The test went so well, Food Lion decided to roll the program out by making ceiling recycling part of every renovation of every store. Milton notes that in 2008 alone, his firm recycled ceilings from 25 Food Lion stores.


One of Southeastern’s most recent projects was the recycling of more than 100,000 square feet of old ceiling tiles for Campbell University as part of the renovation of a former commercial office building that will house the university’s school of law.

“We introduced Campbell to the program a few years ago as part of a 30,000-square-foot renovation we were involved in,” Milton says. “Ever since then, we’ve recycled ceilings for them regardless of how big or small the job is.”

The new Law School building is the largest thus far. In a renovation project of this magnitude, Milton points out that from a construction point of view, there is yet another benefit in addition to the environmental benefits. “By removing the ceiling tiles early on, the architects and engineers can look into the plenum and see what they’re working with, which can prevent a lot of problems later on.”


Milton also notes that although the program remains essentially the same, more and more of his customers and prospects are learning about it, which is resulting in more phone calls from building owners and facility managers.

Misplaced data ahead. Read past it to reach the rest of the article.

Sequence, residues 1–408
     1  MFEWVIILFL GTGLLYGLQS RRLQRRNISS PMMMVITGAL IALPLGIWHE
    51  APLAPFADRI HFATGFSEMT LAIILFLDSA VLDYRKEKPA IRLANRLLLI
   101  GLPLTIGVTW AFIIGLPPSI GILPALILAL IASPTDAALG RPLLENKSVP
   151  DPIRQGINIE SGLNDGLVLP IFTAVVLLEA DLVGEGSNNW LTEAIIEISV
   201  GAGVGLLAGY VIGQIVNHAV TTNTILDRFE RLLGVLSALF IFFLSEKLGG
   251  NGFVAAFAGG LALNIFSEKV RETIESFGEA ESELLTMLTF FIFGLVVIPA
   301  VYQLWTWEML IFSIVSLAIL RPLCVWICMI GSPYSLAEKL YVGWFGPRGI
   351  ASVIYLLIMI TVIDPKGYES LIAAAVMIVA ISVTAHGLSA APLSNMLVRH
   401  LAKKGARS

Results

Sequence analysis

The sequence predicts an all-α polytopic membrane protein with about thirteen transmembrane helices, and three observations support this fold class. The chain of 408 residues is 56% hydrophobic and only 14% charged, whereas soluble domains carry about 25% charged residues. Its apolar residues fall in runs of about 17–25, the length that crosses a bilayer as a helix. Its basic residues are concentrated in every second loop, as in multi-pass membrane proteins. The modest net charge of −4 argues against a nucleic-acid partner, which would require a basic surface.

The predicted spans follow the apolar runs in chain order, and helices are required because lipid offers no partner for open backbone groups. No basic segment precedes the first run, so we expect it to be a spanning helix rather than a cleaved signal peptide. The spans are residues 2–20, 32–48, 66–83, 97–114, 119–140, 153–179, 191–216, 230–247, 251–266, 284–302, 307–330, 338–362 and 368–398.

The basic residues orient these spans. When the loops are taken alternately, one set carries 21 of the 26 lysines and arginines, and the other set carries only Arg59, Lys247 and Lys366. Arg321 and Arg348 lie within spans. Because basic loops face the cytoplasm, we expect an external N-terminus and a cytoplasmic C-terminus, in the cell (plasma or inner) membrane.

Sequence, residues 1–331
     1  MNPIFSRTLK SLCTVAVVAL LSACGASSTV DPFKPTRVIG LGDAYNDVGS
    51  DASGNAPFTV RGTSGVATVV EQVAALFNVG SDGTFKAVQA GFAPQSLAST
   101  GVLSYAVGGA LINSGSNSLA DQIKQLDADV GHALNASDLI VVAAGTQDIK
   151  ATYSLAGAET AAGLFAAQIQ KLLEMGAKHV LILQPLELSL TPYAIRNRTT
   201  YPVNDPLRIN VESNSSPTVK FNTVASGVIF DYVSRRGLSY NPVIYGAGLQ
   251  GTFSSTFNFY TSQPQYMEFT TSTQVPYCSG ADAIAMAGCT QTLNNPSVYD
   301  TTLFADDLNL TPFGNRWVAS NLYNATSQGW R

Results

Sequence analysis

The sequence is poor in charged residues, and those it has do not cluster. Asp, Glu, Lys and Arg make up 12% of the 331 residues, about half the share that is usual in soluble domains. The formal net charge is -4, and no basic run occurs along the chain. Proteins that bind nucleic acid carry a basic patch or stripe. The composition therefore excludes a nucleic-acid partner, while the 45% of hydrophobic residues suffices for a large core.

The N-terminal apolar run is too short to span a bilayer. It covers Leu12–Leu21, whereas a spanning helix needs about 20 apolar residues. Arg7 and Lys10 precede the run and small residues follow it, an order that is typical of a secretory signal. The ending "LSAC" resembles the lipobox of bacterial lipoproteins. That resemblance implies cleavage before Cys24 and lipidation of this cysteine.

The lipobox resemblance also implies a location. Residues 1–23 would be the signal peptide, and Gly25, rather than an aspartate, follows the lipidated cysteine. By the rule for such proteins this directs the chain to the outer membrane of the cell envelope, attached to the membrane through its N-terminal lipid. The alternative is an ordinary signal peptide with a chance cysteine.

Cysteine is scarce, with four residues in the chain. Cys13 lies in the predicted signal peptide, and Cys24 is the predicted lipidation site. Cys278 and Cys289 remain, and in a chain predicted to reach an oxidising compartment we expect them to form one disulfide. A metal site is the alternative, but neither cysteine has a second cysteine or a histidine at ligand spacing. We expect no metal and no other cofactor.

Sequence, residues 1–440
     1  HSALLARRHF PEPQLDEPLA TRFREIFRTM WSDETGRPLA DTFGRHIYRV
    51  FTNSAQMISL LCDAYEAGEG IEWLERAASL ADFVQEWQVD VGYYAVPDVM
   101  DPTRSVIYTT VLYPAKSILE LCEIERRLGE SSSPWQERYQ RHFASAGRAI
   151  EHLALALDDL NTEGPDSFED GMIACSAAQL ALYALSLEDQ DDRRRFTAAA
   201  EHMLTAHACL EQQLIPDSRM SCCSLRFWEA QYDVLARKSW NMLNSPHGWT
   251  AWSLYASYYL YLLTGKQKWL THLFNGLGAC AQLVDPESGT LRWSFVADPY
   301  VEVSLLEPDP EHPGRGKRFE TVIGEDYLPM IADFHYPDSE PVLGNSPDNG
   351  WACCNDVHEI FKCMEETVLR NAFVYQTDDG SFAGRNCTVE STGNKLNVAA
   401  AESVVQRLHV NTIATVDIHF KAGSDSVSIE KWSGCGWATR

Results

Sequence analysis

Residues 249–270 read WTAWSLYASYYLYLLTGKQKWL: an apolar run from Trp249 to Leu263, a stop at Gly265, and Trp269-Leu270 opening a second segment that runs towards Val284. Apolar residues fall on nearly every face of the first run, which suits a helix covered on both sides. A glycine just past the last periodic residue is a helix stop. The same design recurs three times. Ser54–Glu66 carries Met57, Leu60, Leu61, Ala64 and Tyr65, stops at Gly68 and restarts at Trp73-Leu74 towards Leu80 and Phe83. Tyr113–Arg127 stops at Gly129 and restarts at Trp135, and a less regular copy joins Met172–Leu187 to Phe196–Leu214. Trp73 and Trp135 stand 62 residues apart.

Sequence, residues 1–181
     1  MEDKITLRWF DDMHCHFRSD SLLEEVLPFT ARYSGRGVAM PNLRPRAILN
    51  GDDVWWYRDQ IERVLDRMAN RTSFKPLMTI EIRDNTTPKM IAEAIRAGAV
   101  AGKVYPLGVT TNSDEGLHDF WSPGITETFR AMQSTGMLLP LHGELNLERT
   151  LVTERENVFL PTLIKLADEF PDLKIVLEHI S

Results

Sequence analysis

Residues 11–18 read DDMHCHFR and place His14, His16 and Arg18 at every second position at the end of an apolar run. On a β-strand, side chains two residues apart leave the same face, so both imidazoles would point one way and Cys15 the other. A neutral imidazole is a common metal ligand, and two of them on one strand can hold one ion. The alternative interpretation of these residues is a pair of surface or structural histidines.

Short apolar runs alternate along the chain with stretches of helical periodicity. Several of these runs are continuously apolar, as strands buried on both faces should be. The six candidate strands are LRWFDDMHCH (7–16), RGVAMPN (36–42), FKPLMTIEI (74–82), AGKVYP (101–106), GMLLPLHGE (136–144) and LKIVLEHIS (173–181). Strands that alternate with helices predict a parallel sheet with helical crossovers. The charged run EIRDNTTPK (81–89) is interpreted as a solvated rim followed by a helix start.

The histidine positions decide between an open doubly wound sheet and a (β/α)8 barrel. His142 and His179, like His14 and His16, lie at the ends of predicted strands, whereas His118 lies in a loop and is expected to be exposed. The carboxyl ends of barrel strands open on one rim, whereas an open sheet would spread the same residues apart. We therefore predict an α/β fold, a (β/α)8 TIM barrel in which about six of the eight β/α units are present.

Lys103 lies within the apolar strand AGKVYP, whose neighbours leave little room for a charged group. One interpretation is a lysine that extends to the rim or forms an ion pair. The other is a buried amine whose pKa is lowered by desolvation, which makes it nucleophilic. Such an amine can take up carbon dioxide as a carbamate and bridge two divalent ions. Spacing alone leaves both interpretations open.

“Word is definitely getting out,” he says, “especially as an increasingly number of local laws and codes look into recycling efforts. Ceiling recycling is getting a lot of exposure, and, as a result, more people are becoming aware of it.”

As far as his advice to other contractors, Milton says, “Make sure you get out there and tell both your current and prospective customers about it. Set yourself apart from your competitors. Most owners and general contractors will recycle old ceiling tiles, especially if there is no significant increase in cost compared to dumping and no disruption to the construction schedule.”

Looking back on his years of recycling ceilings, Milton concludes, “Our goal, as well as that of our customers, is to reduce the generation of solid waste, and ceiling recycling helps address that problem in an environmentally prudent way.” W&C